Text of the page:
Wednesday, July 2, 2014

The Bey of Azov

In the 14th century, Genoa would found the exchange port of Tana at the mouth of the Don River, at the eastern extremity of the Sea of Azov.  Not actually a marketing town, it was a transshipment point for goods deriving from the Caspian Sea, lands east of the Urals and trade coming along the Silk Road through Samarkand and Herat, loaded on vessels in Tabiristan and Gilan (the south shore of the Caspian).  Tana then shipped to Kaffa, the Genoese port on the Black Sea, and thence to markets in western Europe.  For a century, despite the Black Plague, the flow of goods from Tana made Genoa rich.

When Constantinople fell to the Ottomans in 1454, however, and the Black Sea became a Turkish lake, Genoese trade collapsed.  As goods to Constantinople came via the overland passes through the Transcaucasus from Baku to Vati, Tana withered.  Only with the rise of Russia in the early 16th century (the time of Ivan the Terrible) was there a resurgence of trade in the Azov.  The Ottomans refounded the town, established diplomatic relations with the Russians and began to transfer goods from the north.

The Bey of Azov is a small enclave bordering the lands of the Don Cossacks and the Kingdom of Cumana. bashi-bazouks, numbering more than a thousand. These are leaderless, irregular soldiers of the Ottoman army, free to do as they will in times of minimal activity.  Armed, given places to live, the bashi-bazouks receive no pay and are thus dependent on plunder and adventure.  Typically, they roam the rural provinces both inside and outside the Bey in gangs of 20 to 30, threatening peasants from Ottoman-controlled Kubanistan or in Cumana. Typically they do not provoke the Don Cossacks, but larger raids have been known to occur.  The bashi-bazouks are also known to have pirated small vessels on the Sea of Azov.  They are primarily interested in drunkenness, lewd activities or the personal trading of opium, furs and caviar, brought from the environs of the Astrakhan pirates.  A raiding party can often be 'bought off' with provisions and spirits.

The unpleasantness of the posting - rife pestilence of the surrounding swamp lands, at the edge of the empire, threatened by raids and suffering cold in the winter - has resulted in the town becoming a military outpost dominated by

There is also a contingent of Janissarries in Azov, number 150, posted in a single fortress.  Highly trained fanatic soldiers, these keep order both among the Azov population and the bashi-bazouks.  The Janissaries are much feared, even by the Cossacks, being the principle reason why raids are not typically carried out in Ottoman lands.  They typically fight with pole-arms and crossbow, and in close order, being deadly in both the attack and defense.  The Devsirme, the practice in which non-Muslim boys are seized and trained to be Janissaries, was discontinued in 1638 (13 years before), but virtually all adult troops in these contingents are still deeply entrenched in their loyalty to the empire.  They are among the most dangerous soldiers in the world.

The rural lands within the Bey, stretching along the Sea of Azov, tend to exploit the 'dry roads' from the Kubanistan hinterland to the sea.  These are routes through the gulleys and sand flats of Azov, where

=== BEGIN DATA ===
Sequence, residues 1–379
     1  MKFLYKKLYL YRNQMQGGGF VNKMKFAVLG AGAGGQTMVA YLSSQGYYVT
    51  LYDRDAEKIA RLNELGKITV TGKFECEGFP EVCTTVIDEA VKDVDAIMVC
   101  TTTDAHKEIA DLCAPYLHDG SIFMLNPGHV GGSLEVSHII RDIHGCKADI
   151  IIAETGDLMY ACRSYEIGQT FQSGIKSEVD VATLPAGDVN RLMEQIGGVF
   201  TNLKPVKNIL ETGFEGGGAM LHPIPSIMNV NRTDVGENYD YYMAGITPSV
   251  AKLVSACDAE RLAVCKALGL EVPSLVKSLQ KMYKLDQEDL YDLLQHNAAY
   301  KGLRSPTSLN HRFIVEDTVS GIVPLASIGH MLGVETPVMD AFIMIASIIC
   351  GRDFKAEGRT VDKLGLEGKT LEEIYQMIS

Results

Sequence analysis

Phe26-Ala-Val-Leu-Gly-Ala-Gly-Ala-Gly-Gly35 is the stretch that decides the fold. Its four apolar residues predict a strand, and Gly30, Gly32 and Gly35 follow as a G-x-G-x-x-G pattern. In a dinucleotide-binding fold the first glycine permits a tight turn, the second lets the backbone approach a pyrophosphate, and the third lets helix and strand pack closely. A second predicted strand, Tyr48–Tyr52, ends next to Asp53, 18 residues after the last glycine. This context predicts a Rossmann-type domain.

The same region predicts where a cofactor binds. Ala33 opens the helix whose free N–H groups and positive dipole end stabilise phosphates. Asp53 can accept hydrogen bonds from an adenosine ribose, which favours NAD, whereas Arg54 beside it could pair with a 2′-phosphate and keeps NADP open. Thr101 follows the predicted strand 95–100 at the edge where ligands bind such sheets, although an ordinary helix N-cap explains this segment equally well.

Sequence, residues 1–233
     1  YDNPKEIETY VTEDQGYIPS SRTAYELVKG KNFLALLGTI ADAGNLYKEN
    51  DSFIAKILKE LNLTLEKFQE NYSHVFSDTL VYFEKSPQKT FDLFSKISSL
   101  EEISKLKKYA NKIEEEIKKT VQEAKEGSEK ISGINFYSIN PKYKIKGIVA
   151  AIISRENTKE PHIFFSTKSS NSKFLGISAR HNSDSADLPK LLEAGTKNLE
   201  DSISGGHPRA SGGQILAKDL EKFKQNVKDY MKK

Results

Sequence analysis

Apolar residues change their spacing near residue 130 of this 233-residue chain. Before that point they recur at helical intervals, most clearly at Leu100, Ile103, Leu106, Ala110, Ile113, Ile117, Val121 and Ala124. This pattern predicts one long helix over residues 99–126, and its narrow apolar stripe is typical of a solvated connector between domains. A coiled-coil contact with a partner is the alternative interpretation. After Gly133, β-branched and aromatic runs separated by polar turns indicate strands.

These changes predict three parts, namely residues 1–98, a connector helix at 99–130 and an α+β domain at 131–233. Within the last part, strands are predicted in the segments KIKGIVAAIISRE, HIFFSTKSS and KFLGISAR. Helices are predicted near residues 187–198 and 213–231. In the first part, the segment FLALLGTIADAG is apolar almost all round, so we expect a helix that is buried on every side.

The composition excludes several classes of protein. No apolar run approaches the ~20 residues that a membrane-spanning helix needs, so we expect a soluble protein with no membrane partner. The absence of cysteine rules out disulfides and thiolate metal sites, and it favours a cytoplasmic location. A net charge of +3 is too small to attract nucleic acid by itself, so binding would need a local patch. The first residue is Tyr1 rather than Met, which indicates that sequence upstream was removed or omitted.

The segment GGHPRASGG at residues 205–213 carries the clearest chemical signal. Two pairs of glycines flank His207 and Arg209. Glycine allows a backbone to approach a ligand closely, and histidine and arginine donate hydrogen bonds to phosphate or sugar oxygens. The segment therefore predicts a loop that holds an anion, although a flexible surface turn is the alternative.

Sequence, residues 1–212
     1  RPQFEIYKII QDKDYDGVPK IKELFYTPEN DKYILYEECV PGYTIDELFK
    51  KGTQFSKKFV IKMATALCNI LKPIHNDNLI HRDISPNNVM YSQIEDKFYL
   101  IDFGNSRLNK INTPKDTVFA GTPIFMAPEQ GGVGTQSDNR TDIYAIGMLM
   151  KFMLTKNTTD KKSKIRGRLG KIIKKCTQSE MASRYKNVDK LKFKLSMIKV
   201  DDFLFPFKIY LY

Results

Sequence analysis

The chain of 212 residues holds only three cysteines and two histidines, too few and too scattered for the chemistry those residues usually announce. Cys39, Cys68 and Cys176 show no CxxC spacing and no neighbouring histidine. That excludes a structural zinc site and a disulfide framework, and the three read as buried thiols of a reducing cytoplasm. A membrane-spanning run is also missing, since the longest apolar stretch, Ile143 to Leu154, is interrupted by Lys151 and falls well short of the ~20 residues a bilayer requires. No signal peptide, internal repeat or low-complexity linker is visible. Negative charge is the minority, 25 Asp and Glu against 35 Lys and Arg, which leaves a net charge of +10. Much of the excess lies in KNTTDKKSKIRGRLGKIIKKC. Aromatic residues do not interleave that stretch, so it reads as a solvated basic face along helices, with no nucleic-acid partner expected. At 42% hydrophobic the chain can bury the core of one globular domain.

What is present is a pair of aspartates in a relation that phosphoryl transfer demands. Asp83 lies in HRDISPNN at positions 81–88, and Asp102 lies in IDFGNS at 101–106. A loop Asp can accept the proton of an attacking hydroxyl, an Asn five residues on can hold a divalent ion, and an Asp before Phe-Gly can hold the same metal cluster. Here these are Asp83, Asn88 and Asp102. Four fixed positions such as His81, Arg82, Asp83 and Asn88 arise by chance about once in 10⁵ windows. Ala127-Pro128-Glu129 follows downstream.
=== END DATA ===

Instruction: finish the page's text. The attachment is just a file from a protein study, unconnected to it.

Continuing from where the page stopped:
wanderers and their equipment can easily fall prey to quicksand if they do not know the correct way.  Along the coast, tiny villages collect anise, maize, rice, wheat, coriander, soybeans, tea and tobacco from the interior and ship it along the coast in ketches to Cherzeti.

The rural people drink a tea made of pine and wormwood, boiled all day and sipped from small cups that rest in the palm.  In the winter, holding the cup balanced on the palm of the hand is a means to warm oneself against the bitterly cold winds that sweep from the west.  Much of the poetry that is written among these Azovian peoples concerns itself with the smell of the land, the odor of the sea, the wet, mildewing emanation that rises from the soil.  Poetry is preferable to music, and is spoken nightly in the home.  Young poets are encouraged to apply their efforts, but the meter and precision of the poetry form demands a very rigorous approach to subject material.

As the land will not support many, in times of drought children have been known to be exposed.  Some of these may be found by wandering bashi-bazouks and brought to Azov, where they are sold as slaves - sometimes to orc pirates or brigands from the Jagatai Empire north of the Caspian.  If so, the children are said to be eaten in festivals.  The peoples surrounding Azov have many awful tales they tell of the Jagatai, the remnants of the Golden Horde that once dominated this area and Russia, but a live and let live policy is usually adopted towards Jagatai orc traders that pass through.

There is only one significant produce that derives from the Azov itself, that being fish both from the delta and the sea.  Otherwise, the towns of  Azov and Bataysk (founded by Russians) are occupied by soldiers, a few traders and a significant criminal element.  Smuggling is rife, particularly into Cumana, that goes on unrestrained by any element of Azov.  The Bey of Azov, Andru-sa-Alam, dwells not in the land itself but in the court of the Sultan, in Constantinople.

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